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An excerpt from www.HouseOfNames.com archives copyright 2000 - 2016


An ancient Scottish tribe called the Boernicians were the first to use the surname Shank. It is a name for a person with long legs, or a peculiar manner of gait. Shank is a nickname, which belongs to the category of hereditary surnames. Nicknames form a broad and miscellaneous class of surnames, and can refer directly or indirectly to one's personality, physical attributes, mannerisms, or even their habits of dress. It derives from the Old English word sceanca, which means shin bone, or leg. While this word has survived in Scotland, it has been replaced in England, by the Old Norse word leggr, which means leg.

Shank Early Origins



The surname Shank was first found in Midlothian, where the family held a family seat from very ancient times. They were designated as 'Shank of that Ilk" meaning an ancient Clan who possessed lands of that same name. Murdoch Shank, son of the first recorded chief of the Clan of Shank in Mid Lothian, was granted the lands of Kinghorn in Fife by a Charter from King Robert the Bruce of Scotland in the year 1319 for his allegiance and loyalty of the clan in his fight for the crown of Scotland.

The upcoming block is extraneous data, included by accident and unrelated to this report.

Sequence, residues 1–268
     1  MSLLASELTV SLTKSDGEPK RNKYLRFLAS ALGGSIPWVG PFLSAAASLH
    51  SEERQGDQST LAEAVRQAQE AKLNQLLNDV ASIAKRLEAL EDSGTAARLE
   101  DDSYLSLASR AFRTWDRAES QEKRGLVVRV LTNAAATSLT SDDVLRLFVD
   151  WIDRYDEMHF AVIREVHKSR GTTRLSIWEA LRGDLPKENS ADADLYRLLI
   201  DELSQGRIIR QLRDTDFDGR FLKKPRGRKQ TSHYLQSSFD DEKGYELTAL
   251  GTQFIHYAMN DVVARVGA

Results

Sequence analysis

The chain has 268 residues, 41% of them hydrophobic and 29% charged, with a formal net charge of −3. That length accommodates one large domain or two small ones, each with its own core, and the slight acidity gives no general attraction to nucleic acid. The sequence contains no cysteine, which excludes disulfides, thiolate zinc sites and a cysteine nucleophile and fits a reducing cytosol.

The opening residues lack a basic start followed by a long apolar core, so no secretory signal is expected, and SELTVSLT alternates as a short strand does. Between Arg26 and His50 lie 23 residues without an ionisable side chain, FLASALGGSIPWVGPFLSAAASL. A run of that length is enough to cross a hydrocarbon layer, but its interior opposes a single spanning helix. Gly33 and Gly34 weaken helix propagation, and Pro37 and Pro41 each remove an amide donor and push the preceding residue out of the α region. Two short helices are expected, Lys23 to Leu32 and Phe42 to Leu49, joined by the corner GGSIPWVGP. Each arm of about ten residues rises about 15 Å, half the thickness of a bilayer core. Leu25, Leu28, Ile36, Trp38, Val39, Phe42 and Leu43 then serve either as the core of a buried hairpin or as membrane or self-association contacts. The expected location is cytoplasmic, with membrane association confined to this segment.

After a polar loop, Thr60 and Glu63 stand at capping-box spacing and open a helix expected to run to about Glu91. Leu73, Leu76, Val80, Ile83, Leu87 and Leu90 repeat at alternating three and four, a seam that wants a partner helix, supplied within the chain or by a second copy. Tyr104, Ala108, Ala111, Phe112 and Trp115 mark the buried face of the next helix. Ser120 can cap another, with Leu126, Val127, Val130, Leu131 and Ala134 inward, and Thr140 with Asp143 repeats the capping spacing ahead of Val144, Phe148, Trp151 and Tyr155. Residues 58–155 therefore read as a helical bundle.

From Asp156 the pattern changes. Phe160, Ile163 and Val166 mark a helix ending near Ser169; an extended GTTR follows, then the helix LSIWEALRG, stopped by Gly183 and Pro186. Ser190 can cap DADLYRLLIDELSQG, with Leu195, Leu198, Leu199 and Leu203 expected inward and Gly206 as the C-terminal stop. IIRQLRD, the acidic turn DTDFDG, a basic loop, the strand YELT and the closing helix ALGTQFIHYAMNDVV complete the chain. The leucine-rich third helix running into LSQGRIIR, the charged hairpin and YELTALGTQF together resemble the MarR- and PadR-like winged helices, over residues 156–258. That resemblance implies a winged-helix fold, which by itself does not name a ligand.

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Shank Spelling Variations


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Shank Spelling Variations



Spelling rules only evolved in the last few centuries with the invention of the printing press and the first dictionaries. Spelling variations are extremely common in names from before that period. Shank has been spelled Shank, Shanke, Schank, Schanke, Shankis, Schankis, Shanks, Shanx, Schanx and many more.

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Shank Early History


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Shank Early History



This web page shows only a small excerpt of our Shank research. Another 213 words (15 lines of text) covering the years 1426, 1489, 1490, 1620, 1630, 1636, 1643, 1725, and 1823 are included under the topic Early Shank History in all our PDF Extended History products and printed products wherever possible.

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Shank Early Notables (pre 1700)


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Shank Early Notables (pre 1700)